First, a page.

No. 1: All hell broke loose

April 18, 2017

A list of the top 10 memorable issues of student publications during my teaching career.

It was Tuesday, Oct. 9, 1989. Shortly after 5 p.m. I was in a temporary bungalow on the West Valley College campus helping a secretary with a Macintosh computer problem. The earth began to shake and she shrieked and ran out of the office. I giggled at her response. Then a big shake came and I was thrown against a wall. When I recovered, another shake came and threw me against the wall again. It was the Loma Prieta earthquake. The college was located just a few miles from the epicenter.

All hell broke loose.

It was the biggest earthquake (magnitude 6.9) I had ever experienced. It was also the proudest day of my teaching career because of how my newspaper students reacted to it.

After it was over my first thought was, “Oh, no. I wonder how many of the student newspaper’s (unsecured) computers have fallen to the floor and broken.” It was none, though a couple of four-drawer filing cabinets opened and toppled over.

(BTW, my second thought was of all the sports reporters in San Francisco, about 50 miles away, to cover what they expected would be the biggest news of the day: The World Series. Suddenly, they DID have the biggest news story of the day, and it was not the postposed game. They were the reporters on the scene for their news outlets.)

There were still a few newspaper students on campus, but over the next hour or two, students who had been off campus filtered back into the newsroom and asked what they could do to help cover the news. Some were sent back out to find food because we knew we would be working overnight to add to the paper that was already in production.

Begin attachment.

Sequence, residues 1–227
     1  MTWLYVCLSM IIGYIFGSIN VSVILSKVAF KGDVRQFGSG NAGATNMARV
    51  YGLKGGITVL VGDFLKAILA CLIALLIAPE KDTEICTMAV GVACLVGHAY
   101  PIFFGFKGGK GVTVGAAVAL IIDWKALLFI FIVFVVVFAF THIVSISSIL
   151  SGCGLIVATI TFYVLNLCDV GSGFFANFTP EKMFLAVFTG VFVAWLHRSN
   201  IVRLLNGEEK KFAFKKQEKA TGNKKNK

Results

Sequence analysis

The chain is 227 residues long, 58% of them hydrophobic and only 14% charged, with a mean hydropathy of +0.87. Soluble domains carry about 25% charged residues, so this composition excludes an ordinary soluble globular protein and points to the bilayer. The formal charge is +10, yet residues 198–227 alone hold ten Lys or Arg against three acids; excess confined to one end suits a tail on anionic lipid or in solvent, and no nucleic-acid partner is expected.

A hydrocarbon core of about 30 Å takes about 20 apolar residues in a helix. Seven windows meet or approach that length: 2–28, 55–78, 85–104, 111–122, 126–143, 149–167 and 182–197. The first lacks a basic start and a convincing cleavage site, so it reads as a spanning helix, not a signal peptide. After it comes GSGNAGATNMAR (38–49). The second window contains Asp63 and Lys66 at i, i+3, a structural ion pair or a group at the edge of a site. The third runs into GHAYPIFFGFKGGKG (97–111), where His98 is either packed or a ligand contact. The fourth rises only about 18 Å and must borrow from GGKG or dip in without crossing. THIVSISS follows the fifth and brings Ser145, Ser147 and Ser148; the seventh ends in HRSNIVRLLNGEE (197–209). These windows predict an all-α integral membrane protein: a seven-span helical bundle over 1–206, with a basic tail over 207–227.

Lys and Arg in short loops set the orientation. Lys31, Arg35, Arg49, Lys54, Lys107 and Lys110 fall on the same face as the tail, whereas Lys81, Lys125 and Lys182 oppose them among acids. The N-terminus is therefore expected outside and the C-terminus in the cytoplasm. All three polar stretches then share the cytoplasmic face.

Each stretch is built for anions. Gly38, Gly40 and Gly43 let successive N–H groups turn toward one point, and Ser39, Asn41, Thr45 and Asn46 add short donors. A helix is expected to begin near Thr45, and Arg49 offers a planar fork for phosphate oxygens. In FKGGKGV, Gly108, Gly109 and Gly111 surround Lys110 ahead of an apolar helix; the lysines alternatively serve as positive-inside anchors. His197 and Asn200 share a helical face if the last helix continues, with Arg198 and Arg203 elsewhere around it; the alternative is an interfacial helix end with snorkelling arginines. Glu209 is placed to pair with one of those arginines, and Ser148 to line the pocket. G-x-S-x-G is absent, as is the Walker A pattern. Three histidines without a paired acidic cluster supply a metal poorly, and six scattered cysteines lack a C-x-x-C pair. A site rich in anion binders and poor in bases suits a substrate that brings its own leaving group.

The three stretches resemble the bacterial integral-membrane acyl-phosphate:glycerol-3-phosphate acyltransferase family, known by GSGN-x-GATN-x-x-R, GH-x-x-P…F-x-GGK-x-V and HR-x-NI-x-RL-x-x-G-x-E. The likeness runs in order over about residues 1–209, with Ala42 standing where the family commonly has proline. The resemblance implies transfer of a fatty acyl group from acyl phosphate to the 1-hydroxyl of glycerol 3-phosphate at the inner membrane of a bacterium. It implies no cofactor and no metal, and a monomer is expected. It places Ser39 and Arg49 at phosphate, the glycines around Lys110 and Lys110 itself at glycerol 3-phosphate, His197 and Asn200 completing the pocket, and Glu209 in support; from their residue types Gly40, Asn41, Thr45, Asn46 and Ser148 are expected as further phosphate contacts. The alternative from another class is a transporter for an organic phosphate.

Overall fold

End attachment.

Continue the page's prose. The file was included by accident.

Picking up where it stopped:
A couple of students grabbed cameras and starting combing the campus to see what kind of damage had taken place. Most dramatic was the photo that eventually adorned the front page of that week’s issue of the Norseman. It seems that none of the library book shelves had been properly bolted to the floor and the shake toppled them like dominos. Students who were in the library started digging through the stacks to find out if anyone had been trapped. (No one was.)

We labored throughout the night. Apparently, the campus was an island of electricity in the area, so we could work. Midway through Wednesday I decided to head back over the Santa Cruz mountains to my home in Felton. We had learned from TV reports that the epicenter was probably less than a mile from my house. Fortunately, my family was out of town at the time. The house sustained some significant damage, but was still standing and was not later red-tagged by inspectors.

While I was gone, college safety officials came by the newsroom and told the students I had left behind to leave because the campus was being closed to check for gas leaks. As they left they grabbed a computer or two and found a student’s garage in which to complete putting the paper together. By then electricity was being restored to the area.

There was no school on Wednesday, but when campus reopened on Thursday we had an expanded edition of the newspaper on the stands with the dramatic photo and the headline, “All hell broke loose.”

The dedication and leadership of the students who rallied to cover the disaster from a local angle remains a milestone of pride in my heart. You hope you are planting a professional ethic in the students, but you have few chances like a real disaster to see it emerge while you still have them in your care. I saw it first in those students who were still on campus, but felt it even more as students who were off campus instinctively returned to the campus newsroom. I have been blessed with outstanding students throughout my career.

PREVIOUSLY: 10: The execution, 9: We don’t need no headlines, 8: The student who died, 7: It was just a matter of time, 6: Daddy come home, 5: 911, 4: 3-D, 3. The expletive, 2: Not just another blank page.

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